The description of your work should be technical. Discuss the technologies you used, how they fit the solution, and the difficulties you encountered along the way. If the interviewer isn’t familiar with a tool you used, be prepared to give a high-level overview. If the interviewer is particularly interested, dive deeper into your work.

Best candidates have previous work or education experience that impacted their employers or themselves. How does the experience you are talking about fit those categories? Did you reduce the cost of some process, increase the performance, or enable a new use case? How did you change during this project? Did you come face to face with a personal failing, or did you learn something new about yourself?

The idea isn’t really to impress your interviewer. Instead, think of it as discussing your experiences and trying to find shared professional values.

My ideal candidate is a person who thinks about their work and follows up their thoughts with action to final delivery.


Programming during on-site interviews and technical screening interviews is a divisive point for candidates and interviewers. It’s not clear how this skill relates to being a good fit for a software engineering position.

What is true is that it is a different skill altogether than actual software engineering. On the other hand, it shows that you speak a common language of well-known data structures, algorithms, and methodologies for using them. This shared language of basic ideas is useful in a world where people you work with may not be on the same continent, much less in the same room as you.

It’s unlikely that this interviewing type will go out of style anytime soon. Your best bet is to accept that this is a skill that you may need to learn and simply do so.

You should know about two things that all interviewers experience: we can’t hear your thoughts, but we can (mostly) hear you typing.

Because we can’t hear your thoughts, your goal should be to verbalize as much of your thought process as possible. Repeat the question out loud. State aloud any assumption you make about the solutions. Talk about the tradeoff between a simple and optimal solution. Keep your mouth running at all costs.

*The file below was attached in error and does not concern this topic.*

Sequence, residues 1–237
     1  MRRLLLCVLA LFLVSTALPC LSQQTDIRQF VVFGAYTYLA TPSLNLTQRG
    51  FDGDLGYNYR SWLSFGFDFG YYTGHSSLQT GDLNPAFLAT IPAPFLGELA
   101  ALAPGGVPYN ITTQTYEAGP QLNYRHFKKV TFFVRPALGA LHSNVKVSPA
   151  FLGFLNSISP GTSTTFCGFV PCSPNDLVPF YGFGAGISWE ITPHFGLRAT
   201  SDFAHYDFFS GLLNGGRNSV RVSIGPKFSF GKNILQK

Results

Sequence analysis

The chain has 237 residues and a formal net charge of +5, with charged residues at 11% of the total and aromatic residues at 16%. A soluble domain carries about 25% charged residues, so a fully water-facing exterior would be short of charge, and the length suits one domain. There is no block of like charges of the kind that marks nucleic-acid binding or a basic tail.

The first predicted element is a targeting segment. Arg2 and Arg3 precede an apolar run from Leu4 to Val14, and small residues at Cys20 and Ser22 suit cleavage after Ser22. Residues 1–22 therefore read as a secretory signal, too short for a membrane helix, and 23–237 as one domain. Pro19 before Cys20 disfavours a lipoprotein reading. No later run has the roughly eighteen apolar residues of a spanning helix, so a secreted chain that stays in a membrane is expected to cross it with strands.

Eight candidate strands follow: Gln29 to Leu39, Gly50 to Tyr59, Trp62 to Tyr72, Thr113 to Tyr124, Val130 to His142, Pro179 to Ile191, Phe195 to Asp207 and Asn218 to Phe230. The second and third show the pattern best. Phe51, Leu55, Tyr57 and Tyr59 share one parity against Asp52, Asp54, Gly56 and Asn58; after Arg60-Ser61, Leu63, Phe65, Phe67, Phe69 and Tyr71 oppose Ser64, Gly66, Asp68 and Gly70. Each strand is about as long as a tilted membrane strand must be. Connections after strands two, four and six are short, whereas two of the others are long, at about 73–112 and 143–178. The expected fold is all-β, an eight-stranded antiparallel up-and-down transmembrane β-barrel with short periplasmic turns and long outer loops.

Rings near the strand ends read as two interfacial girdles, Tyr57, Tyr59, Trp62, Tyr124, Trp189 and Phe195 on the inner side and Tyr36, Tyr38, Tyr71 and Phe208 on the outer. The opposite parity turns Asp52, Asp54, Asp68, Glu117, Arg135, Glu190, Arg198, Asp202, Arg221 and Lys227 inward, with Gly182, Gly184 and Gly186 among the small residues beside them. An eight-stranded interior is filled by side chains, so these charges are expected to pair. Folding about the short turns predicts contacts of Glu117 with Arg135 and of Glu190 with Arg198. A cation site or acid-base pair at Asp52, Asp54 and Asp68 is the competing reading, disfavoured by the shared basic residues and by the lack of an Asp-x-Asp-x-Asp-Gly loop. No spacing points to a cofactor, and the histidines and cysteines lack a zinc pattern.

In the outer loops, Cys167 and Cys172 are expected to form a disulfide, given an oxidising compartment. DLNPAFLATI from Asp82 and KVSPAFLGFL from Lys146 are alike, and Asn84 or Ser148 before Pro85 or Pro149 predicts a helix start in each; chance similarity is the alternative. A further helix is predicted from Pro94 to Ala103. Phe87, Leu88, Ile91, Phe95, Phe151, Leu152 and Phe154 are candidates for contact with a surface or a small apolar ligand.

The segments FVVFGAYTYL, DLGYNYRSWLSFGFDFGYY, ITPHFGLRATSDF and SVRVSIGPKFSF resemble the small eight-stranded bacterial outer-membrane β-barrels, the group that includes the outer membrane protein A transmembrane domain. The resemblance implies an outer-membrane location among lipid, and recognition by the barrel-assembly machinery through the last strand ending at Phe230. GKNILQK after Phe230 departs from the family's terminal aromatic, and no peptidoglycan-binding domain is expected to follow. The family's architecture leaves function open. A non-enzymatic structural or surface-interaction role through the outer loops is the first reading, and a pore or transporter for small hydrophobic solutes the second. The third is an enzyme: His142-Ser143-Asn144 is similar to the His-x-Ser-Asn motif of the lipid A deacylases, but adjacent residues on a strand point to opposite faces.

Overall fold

Interviewers can, however, hear you typing. And if you are typing, there should be code showing up in the shared editor you are using. If it’s not, something strange is likely happening. You may be writing a set of notes in a separate document or sketching out a solution. But the interviewer can’t tell. If they are direct, they may ask you about where the typing is going to. If they aren’t outspoken, you may end up with a rejection.

Parting points

Guides can teach you how to answer algorithm questions, and how smiling or standing up during a phone call communicates energy to your interviewer.

Those articles cannot teach you that hiring is about finding people who are a cultural and professional fit for the employer. While a bit of pride isn’t misplaced, remember that employers likely have many more candidates waiting, none of us are irreplaceable, and most of us don’t have any truly unique skills.

Technical interviewing is a precarious journey. Sometimes the fates will align, and you’ll wash out despite your qualifications.

When, not if, that happens, remember: there is something to be said about second attempts, and being as gracious when succeeding, as you are when failing.

Good luck!

These writings represent my opinions and are not related to my employers.
Licensed under a Creative Commons Attribution-NonCommercial-ShareAlike 4.0 International License.